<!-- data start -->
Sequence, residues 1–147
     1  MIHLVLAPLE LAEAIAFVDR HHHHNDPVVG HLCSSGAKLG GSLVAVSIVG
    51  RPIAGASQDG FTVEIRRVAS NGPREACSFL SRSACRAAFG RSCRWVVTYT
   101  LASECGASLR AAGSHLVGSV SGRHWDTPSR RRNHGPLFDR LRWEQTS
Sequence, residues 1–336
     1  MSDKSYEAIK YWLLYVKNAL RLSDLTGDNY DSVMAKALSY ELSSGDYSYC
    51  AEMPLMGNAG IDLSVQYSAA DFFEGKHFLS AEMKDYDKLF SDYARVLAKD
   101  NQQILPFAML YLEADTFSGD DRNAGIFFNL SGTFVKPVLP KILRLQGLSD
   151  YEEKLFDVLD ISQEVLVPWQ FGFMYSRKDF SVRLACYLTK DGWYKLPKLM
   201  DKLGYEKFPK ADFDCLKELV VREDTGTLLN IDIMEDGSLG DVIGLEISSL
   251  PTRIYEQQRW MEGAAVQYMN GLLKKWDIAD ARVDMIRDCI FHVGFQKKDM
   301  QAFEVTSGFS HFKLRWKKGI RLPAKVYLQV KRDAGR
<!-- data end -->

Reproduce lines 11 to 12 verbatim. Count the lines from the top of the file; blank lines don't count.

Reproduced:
   251  PTRIYEQQRW MEGAAVQYMN GLLKKWDIAD ARVDMIRDCI FHVGFQKKDM
   301  QAFEVTSGFS HFKLRWKKGI RLPAKVYLQV KRDAGR